INTERVIEWS by STEPHEN IBARAKI, FCIPS, I.S.P., ITCP, MVP, DF/NPA, CNP
Terry Linkletter: Coach for Microsoft Information Technology, Board Director for the Institute for Certification of Computing Professionals
This week, Stephen Ibaraki has an exclusive interview with Terry Linkletter.
Terry Linkletter has served as Senior Software Quality Assurance Manager for Microsoft's Business Group Center of Excellence. In this capacity he drove SQA program elements for development and post-production enhancement across three service areas - tools for product management and pricing; tools for product releasing, protection, and delivery; and tools and services for product activation and validation, including support for Genuine Advantage and Anytime Upgrade. He currently coaches software engineering teams in quantitative methods for improving software quality and effort estimates.
Overall, Terry has twenty years of senior management experience in software engineering and quality assurance, including creation of QA departments for three firms plus extensive teaching experience in colleges and universities in the US and globally. His many significant contributions include leading process and product improvement efforts for a variety of operations by applying analysis and design principles, recruiting and cross-training talent for project teams. Terry is a Certified Software Quality Engineer, Certified Quality Manager, Certified Quality Auditor, and a Certified Computing Professional.
He also lends his considerable expertise and long history of success as Corporate Director on the board of the Chicago-based Institute for Certification of Computing Professionals, as appointed by the President of the Association for Computing Machinery; member of the Education Council of the Association for Computing Machinery, as appointed by the Chair of the ACM Education Board.
Other notable achievements span a diverse skill set:
- National Merit Scholar at Stanford
- National Honor Society Scholarship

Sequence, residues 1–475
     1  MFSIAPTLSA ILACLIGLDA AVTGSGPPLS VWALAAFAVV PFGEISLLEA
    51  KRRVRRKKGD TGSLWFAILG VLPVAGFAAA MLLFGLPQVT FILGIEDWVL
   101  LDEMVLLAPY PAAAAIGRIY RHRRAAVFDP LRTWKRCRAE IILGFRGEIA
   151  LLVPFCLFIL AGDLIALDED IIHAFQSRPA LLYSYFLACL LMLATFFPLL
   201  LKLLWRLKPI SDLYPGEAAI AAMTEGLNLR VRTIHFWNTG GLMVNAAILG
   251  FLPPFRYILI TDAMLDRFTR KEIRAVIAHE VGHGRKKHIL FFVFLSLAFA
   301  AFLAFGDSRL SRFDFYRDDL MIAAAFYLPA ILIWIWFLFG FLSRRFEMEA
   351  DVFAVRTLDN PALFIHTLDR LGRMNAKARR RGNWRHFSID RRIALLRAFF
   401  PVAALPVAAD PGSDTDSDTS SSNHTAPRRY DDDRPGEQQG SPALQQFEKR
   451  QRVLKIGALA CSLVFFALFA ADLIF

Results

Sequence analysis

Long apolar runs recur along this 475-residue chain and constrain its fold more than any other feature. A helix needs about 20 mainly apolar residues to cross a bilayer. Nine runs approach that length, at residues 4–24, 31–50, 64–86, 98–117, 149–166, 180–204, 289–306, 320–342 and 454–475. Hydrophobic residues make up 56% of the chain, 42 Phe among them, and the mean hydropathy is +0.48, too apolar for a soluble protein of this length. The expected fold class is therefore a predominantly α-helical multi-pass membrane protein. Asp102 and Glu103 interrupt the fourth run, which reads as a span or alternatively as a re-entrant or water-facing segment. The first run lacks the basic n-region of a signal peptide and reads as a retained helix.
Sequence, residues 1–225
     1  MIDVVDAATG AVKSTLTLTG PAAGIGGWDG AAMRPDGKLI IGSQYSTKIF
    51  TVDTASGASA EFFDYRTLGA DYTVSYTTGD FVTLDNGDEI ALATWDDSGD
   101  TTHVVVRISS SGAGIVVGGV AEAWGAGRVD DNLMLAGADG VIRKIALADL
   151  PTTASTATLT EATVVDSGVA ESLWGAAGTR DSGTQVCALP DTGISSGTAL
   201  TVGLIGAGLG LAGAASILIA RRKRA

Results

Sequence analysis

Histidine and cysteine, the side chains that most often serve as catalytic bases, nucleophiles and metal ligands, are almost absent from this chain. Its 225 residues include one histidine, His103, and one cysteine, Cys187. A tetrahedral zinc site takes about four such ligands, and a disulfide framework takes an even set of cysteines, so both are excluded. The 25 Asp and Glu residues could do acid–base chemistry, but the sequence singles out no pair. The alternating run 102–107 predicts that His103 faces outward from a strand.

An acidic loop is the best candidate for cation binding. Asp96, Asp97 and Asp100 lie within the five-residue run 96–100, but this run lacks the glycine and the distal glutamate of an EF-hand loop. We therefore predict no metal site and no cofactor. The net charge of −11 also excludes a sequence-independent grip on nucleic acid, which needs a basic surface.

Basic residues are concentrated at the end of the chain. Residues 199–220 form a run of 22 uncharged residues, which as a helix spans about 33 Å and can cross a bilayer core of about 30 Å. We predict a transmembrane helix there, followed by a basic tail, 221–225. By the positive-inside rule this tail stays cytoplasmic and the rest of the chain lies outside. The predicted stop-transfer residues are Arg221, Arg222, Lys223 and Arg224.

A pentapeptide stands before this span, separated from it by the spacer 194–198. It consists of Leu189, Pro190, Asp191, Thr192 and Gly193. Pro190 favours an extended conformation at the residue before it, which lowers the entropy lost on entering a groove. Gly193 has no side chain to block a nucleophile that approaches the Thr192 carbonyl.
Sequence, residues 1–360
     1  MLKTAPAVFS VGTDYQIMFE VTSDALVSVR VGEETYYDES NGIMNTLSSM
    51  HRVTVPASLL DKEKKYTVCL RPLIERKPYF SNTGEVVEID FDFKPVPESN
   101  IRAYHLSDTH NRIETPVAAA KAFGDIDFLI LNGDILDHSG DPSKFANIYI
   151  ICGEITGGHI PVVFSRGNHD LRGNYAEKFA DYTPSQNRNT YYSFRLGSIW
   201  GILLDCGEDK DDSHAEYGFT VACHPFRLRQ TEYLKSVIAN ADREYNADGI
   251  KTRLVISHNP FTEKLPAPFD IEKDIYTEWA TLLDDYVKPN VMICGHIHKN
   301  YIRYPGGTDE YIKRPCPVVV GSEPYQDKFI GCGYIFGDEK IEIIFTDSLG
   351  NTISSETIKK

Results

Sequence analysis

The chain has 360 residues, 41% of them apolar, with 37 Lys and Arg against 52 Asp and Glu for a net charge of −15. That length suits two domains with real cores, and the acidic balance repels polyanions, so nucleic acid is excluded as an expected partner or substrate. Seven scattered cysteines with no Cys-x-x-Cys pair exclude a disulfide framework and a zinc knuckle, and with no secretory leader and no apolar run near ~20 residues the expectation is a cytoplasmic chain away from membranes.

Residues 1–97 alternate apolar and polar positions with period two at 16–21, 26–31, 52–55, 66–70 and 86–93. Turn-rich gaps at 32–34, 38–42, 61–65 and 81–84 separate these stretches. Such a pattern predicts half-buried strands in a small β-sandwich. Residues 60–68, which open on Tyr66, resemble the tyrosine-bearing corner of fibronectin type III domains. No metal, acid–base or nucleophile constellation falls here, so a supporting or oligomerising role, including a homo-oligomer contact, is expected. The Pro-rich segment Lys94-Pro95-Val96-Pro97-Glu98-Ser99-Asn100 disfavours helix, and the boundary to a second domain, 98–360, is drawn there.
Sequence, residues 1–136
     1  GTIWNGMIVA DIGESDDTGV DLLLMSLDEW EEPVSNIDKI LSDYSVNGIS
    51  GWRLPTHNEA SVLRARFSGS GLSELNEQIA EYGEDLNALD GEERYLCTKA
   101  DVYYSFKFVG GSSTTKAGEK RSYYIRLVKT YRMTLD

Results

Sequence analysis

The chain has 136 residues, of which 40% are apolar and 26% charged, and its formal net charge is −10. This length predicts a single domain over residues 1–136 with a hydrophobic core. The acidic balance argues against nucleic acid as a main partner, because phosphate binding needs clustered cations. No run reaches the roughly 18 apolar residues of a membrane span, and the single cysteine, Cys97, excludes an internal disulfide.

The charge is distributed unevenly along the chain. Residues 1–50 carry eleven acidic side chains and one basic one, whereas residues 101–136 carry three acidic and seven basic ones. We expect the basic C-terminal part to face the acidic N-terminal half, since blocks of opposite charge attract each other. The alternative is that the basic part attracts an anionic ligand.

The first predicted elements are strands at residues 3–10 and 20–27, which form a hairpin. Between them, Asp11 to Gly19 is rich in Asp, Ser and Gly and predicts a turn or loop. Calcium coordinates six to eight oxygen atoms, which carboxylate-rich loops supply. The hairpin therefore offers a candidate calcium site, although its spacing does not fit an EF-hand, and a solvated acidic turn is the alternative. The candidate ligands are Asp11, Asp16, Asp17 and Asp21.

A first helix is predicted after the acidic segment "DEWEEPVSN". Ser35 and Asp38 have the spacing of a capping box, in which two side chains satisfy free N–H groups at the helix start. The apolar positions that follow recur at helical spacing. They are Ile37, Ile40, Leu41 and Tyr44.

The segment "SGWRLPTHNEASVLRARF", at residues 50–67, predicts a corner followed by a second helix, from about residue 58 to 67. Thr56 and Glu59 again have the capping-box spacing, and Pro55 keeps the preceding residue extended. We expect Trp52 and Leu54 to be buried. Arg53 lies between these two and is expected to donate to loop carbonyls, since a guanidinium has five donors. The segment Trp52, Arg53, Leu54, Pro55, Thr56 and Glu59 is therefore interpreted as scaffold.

- Eagle Scout, Boy Scouts of America
- Served as Scoutmaster, Troop 334 (received District Award of Merit)
- Peace Corps Volunteer in Bolivia/Ecuador
- Avid hiker, sailor
- Served as Director of Certification, Institute for Certification of Computing Professionals (received Distinguished Service award)
- Administrative Lt. Governor, District 32, Toastmasters International (received Officer of the Year award)
Terry received his BS in Statistics from Stanford and his MS in Computer Science from the University of Wisconsin. His graduate studies also involved Masters in Software Engineering studies at Seattle University.
To listen to the interview, click on this MP3 file link
The latest blog on the interview can be found in the IT Managers Connection (IMC) forum where you can provide your comments in an interactive dialogue.
Interview Time Index (MM:SS) and Topic
|:00:48:|| ||Terry shares the catalysts that led him into computing.|
|:01:58:|| ||Can you profile your current role at Microsoft?|
"....I think I've got the best job in the world. I get to work with some very brilliant people and give them some pointers (thorough and well documented) on how they can make their estimates of what it will take them to complete a given project and end up with better software quality...."
|:02:35:|| ||Please share your insights into the computing profession in the 1970s and 1980s.|
"....The world had gone from a very strong central organization to a very diverse and freedom-based market - which has shown itself to finally come together now where the computers are working in synchronicity through the cloud to the point where we are now ending up with standards that work worldwide...."
|:05:13:|| ||Terry comments on how software engineering has developed in the practitioners' world. |